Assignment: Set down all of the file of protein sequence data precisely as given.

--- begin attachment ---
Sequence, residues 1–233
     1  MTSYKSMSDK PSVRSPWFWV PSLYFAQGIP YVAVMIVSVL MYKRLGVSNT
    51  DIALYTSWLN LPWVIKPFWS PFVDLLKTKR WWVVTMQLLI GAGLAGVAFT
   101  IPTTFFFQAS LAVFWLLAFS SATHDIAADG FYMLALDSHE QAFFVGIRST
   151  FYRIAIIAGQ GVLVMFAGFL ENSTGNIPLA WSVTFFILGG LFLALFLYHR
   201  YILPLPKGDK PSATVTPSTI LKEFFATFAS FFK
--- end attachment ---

Sequence, residues 1–233
     1  MTSYKSMSDK PSVRSPWFWV PSLYFAQGIP YVAVMIVSVL MYKRLGVSNT
    51  DIALYTSWLN LPWVIKPFWS PFVDLLKTKR WWVVTMQLLI GAGLAGVAFT
   101  IPTTFFFQAS LAVFWLLAFS SATHDIAADG FYMLALDSHE QAFFVGIRST
   151  FYRIAIIAGQ GVLVMFAGFL ENSTGNIPLA WSVTFFILGG LFLALFLYHR
   201  YILPLPKGDK PSATVTPSTI LKEFFATFAS FFK